The Ubuntu Certification team is fully distributed and has now been running Scrum for over 9 months. The team has members in Canada&US, Europe and Asia. I have been blogging about several parts of our scrum experience, now is time to piece it all together!
We run in 2 week iteration cycles within a larger 6 month release cadence. Here is what those two weeks look like:
Day1 (Thursday)- Planning session
We run the planning session (30 minutes) just after the previous iteration Demo session – No room to breath! The reason for doing this is just down to timezone and trying to get as many people as possible into this sessions.
We host the planning session in Mumble, and we review the backlog for the next iteration. We found it a bit dull just for the Product Owner to explain what each story was about. Instead, we ensure that everyones participation by agreeing the definition of done for the stories. This eliminates any misunderstandings of what needs to be deliver and ensure that everyone is paying attention.
Just after the planning session, the scrum team gets together to flesh out the task-board for the iteration. At this point the stories are re-size via IRC planning poker: At the count of three by the Scrum Master every one pastes a t-shirt size on the IRC channel.
Following the poker planning, the team discusses possible implementations and they write down tasks in the IRC channel, to be later translated by the Scrum Master into the backlog.
We run two scrums (no longer than 15 minutes) a day. A reduced one at 9.30 UK time with Europe and Asia, and a larger one at 15.00 UK time including UK and US. We run both using Mumble but Google+ is also a good option.
Day 5 (Wednesday) – Backlog review with the Scrum Master
On Wendnesday, Ara and I review the progress of the backlog and discuss any stories that might need to be refocused, unblocked or delayed to a later iteration.
Day 6 (Thursday) – Discussing impediments and new ideas
At this point, we have reach the equator of the iteration. We host a 45 minutes meeting following the main scrum to talk about any issues the team wants to raise. This mainly focuses around problems facing our work or new ideas for future iterations or releases.
Also, the Scrum Master send an mid-iteration status email. This ensures that nothing is falling through the cracks and everyone knows the overall iteration progress. We find that scrums tent to focus on what people are working and not what is left in the backlog, this can lead to lower priority user stories being worked on while higher importance ones remain overlooked.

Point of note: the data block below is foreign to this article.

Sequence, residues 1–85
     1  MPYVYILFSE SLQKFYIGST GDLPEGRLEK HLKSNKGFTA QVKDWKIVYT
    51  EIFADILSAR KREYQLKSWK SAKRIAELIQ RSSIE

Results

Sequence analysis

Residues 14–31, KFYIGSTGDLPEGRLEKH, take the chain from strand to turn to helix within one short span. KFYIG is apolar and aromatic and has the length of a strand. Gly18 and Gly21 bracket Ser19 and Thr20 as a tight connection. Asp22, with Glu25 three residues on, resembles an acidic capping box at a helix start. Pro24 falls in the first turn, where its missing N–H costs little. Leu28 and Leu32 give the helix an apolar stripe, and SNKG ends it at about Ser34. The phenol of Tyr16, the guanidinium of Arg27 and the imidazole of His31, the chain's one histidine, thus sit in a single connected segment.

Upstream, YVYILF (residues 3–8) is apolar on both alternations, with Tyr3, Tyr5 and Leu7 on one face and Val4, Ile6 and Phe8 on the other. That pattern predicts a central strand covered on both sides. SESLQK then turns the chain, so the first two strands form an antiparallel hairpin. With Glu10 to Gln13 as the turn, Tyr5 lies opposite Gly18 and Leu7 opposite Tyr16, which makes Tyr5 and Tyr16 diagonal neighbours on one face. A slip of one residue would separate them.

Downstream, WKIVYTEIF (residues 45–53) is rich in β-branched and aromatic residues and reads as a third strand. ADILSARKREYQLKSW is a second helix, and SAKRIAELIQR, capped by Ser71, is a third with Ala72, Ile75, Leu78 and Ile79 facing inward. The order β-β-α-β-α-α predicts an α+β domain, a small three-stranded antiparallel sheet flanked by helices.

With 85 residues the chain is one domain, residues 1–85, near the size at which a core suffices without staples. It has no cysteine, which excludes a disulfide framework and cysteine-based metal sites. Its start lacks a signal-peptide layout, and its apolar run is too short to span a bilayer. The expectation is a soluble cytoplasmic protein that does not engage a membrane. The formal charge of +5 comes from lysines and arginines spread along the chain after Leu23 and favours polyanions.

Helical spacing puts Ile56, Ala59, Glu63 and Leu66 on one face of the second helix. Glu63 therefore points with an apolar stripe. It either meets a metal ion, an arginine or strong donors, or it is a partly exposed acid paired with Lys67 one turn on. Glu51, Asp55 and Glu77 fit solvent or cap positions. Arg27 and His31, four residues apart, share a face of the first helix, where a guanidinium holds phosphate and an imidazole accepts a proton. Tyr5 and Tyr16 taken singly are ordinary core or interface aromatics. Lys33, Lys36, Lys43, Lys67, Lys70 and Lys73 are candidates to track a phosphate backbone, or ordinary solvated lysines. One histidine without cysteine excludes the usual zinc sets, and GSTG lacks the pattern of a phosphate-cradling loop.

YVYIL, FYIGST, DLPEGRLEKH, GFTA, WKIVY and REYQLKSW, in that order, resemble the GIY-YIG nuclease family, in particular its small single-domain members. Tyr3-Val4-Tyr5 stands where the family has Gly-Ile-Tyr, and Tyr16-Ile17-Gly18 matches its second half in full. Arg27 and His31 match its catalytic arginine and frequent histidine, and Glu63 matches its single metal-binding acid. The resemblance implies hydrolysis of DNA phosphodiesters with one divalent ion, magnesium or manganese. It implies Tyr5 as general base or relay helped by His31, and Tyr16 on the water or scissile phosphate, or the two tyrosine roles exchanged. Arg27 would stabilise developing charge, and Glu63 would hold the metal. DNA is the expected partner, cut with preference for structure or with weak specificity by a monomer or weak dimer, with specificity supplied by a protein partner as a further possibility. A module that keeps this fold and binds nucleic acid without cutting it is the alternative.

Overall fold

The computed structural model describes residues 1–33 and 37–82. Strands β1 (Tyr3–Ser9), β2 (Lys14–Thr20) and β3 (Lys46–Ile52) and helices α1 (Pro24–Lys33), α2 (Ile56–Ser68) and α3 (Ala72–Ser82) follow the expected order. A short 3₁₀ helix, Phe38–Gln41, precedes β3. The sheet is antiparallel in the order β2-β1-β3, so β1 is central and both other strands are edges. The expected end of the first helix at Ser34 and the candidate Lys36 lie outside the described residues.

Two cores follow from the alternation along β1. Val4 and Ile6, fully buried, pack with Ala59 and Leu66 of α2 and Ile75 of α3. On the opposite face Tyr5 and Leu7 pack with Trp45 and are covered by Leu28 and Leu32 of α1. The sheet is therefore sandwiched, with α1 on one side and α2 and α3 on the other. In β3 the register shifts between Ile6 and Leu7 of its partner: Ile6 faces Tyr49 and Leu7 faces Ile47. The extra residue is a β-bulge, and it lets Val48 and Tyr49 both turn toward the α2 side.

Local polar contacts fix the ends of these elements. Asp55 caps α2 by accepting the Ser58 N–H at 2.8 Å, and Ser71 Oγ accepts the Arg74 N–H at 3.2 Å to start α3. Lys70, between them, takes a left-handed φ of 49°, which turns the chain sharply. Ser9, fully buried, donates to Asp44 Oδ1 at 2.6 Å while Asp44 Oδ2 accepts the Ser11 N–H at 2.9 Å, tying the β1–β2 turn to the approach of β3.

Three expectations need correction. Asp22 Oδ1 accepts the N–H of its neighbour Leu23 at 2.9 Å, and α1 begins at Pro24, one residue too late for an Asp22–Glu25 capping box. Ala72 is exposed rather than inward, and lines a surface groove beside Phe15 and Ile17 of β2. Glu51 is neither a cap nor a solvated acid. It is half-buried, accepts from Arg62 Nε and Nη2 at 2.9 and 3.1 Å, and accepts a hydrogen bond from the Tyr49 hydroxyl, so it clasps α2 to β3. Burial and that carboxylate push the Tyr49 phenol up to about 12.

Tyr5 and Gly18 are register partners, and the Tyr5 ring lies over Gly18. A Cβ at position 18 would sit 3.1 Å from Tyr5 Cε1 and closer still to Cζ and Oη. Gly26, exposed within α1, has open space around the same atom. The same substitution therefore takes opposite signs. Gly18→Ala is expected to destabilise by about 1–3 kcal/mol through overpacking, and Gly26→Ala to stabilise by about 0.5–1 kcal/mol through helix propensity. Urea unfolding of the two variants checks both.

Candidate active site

Day 9 (Tuesday) – Backlog review for next iteration
The Scrum Master, Product Owner and I get together to review what stories are likely to not be completed. This is normally 80% accurate and gives us a better idea of how many new stories are to be added for the next iteration. Then, we discuss priority of stories and we create a draft backlog for the next iteration. Although there are always changes during the planning session, this gives us a solid draft to start from.
Day 11/Next Day 1 (Thursday) – Demo
We completed the full circle and we are back at the demo and planning meeting, where a demo lead shows via Spreed (screen sharing tool) what has been achieved.
3 thoughts on “Going Agile: 2 Weeks On The Life Of a Scrum Team”
T-Shirt sizes have significant problems. Is there a particular reason you decided to use them?
Day 5 and Day 6 seem confusing to me. Why is this work not being done as part of the daily scrum? The Scrum master sending mid week status seems oddly not self-organizing.
Day 9 implies that your team does not honor sprint commitments and regularly needs an “out”. Hardly trust building to the stakeholders.
I find t-shirt sizes easier for people to relate to and work great cross cultures.
Day 5 is part of the scrum master role to remove obstacles for the team. The obstacles are indentified by the team on the scrum.
Day 6 – retrospectives are clearly defined as separate ceremonies, i would be interested to know why would you recommend to mix up the scrum with this?
Day 9 – sorry but i didn’t understand your comment. This is basically about planning the next iteration.
About the iteration report – not sure this has to do with self organisation. In a fully distributed team we have to supplement the information that you get from “always on” information radiators. Team members still decide the actions to take from the status. Also, please remember that is not possible for all team members be at tne same scrum.